In forming this collection, it yet remains to be mentioned that Dr. Johnson's Lives are retained, with some additional notes, originally given in the edition of his works, printed in 1806. Few words, however, are necessary in making this intimation. Dr. Johnson's Lives, after all the objections that have been offered, must ever be the foundation of English poetical biography. To substitute any thing in their room would be an attempt, by the ablest, hazardous, and by inferior pens, ridiculous.
With respect to the new Lives, a part of this work for which I am particularly responsible, they are the result of more anxious and painful research than may appear to those who do not examine my authorities. In rectifying preceding accounts, many of which I found erroneous and inconsistent, either from carelessness or partiality, and in procuring original information, in which I hope it will appear that I have not been altogether unsuccessful, it was my object to ascertain those truths, in whatever they might end, which display the real character. And I am sorry it should be necessary to add, that I have not thought it incumbent to represent every man whose works are here admitted as a prodigy of genius or virtue. This practice, it is true, has been lately adopted in collections of biography, as well as in single lives; but I am yet to learn what advantages can be reaped, and what solid interest can be promoted by a practice which violates the principles of truth, destroys public confidence, and defeats every valuable purpose of biography. The imaginary beauties of the biographer are, at least, as absurd as those of the portrait-painter, while they have less excuse, and are attended with far more pernicious consequences. After the lapse of a few years it becomes a matter of inferior importance how a man looked, but it is always important to know how he thought and how he acted. Nor if the practice alluded to proceeds from real feeling, or only an affectation of sympathy and veneration, is it less ob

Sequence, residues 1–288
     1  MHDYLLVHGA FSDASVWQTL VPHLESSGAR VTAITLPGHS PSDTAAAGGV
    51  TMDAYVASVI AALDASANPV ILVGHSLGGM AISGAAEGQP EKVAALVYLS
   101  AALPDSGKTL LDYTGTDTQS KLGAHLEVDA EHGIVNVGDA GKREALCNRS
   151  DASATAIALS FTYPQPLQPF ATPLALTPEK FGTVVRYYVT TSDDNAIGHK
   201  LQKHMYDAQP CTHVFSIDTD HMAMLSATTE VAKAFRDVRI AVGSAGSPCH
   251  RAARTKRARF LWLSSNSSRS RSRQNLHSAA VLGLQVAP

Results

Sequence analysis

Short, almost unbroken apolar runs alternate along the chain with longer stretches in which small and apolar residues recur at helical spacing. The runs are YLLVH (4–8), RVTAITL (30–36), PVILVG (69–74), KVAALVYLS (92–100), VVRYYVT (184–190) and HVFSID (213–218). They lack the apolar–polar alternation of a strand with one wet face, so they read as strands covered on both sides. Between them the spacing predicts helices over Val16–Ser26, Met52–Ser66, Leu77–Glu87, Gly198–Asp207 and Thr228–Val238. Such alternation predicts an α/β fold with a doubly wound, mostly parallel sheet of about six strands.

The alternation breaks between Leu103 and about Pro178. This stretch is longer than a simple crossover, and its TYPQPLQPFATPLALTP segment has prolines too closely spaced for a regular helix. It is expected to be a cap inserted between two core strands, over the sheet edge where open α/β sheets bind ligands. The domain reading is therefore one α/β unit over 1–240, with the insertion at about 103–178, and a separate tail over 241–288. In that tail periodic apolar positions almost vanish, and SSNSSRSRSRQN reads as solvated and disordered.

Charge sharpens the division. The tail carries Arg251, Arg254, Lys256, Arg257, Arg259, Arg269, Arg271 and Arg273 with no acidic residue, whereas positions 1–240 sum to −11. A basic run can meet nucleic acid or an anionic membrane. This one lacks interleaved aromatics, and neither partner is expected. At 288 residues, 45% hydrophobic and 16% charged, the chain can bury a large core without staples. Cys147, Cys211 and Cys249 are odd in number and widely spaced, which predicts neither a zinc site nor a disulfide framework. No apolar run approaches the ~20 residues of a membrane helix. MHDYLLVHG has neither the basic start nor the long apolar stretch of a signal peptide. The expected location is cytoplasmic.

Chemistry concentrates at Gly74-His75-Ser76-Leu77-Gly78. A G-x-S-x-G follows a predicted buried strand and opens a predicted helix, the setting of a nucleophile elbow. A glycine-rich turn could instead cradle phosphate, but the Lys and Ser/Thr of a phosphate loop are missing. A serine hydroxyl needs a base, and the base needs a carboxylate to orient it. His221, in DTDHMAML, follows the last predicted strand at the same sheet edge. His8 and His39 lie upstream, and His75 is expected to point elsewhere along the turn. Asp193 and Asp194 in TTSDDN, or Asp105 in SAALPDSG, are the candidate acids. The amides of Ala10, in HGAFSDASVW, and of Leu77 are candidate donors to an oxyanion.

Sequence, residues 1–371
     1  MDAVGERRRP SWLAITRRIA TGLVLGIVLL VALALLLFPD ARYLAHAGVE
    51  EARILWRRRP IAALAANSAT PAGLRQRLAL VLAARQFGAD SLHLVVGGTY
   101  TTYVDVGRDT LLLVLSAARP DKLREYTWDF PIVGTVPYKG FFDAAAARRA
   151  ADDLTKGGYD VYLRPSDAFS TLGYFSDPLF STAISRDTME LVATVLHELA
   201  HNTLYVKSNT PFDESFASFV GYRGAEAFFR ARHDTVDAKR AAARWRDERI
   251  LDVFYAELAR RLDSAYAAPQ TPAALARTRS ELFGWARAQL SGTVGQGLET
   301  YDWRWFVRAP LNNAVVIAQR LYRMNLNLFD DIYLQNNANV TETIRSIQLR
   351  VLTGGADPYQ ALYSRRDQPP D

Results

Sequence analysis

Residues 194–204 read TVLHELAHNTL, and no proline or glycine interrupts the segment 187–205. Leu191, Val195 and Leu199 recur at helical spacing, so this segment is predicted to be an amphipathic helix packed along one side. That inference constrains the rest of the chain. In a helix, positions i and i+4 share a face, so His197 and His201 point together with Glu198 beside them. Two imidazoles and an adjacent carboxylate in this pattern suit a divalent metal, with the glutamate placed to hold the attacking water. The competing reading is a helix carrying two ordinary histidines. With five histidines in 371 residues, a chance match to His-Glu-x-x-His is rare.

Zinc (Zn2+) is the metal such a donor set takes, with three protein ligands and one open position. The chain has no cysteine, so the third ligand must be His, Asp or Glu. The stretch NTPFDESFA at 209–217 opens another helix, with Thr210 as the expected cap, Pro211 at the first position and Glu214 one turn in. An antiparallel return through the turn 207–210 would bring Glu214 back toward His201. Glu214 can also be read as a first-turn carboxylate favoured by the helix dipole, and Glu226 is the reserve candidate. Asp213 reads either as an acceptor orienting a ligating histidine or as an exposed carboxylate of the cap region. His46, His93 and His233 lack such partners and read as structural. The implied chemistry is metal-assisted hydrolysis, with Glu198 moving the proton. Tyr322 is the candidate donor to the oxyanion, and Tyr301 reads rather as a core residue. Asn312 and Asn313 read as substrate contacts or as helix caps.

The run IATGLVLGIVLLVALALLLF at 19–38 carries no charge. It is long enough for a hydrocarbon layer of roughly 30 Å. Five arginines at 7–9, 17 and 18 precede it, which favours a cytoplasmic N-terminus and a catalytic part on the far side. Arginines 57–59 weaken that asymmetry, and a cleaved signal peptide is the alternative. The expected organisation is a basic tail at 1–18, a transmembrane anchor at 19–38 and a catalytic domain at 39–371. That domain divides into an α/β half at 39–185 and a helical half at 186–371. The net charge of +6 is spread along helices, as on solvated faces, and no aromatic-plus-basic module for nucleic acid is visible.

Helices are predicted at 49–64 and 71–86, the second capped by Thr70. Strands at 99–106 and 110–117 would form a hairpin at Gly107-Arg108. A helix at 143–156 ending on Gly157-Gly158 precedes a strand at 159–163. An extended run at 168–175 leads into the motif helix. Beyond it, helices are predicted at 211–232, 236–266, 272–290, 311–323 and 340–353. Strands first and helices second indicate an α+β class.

jectionable. It is a gross errour in judgment that any man, who deserves to be commemorated, can be the worse for a disclosure of his failings, unless, indeed, he has no virtues to counterbalance them, and even in that rare case, the portrait, if faithfully given, is not without its uses. It would be happy if a closer correspondence could be found between an author and his writings, if genius were always dignified by virtue, and wisdom always recommended by urbanity; but we look in vain for objects of uniform panegyric, and the fair display of the striking contrarieties we find in the human character must ever be preferable to those unnatural sketches in which there is no discrimination, but all is purity and perfection, or in which the most degrading vices are either suppressed by fraud, or vindicated by sophistry. Of all human beings, the sons of imagination require to be led most carefully to correct notions of virtue and happiness, and to be reconciled to a world in which their splendid dreams cannot be realized, and which makes no allowance for irregular desires and extravagant passions. .
The CRITICISMS advanced in these lives are as sparing as appeared consistent with the general plan, and are the opinions of one who is aware that reputation is not in his gift. As, however, they are the result of a judgment derived from no partial school, I have only to hope they will not be found destitute of candour, or improperly interfering with the general and acknowledged principles of taste.
London, Nov. 1809.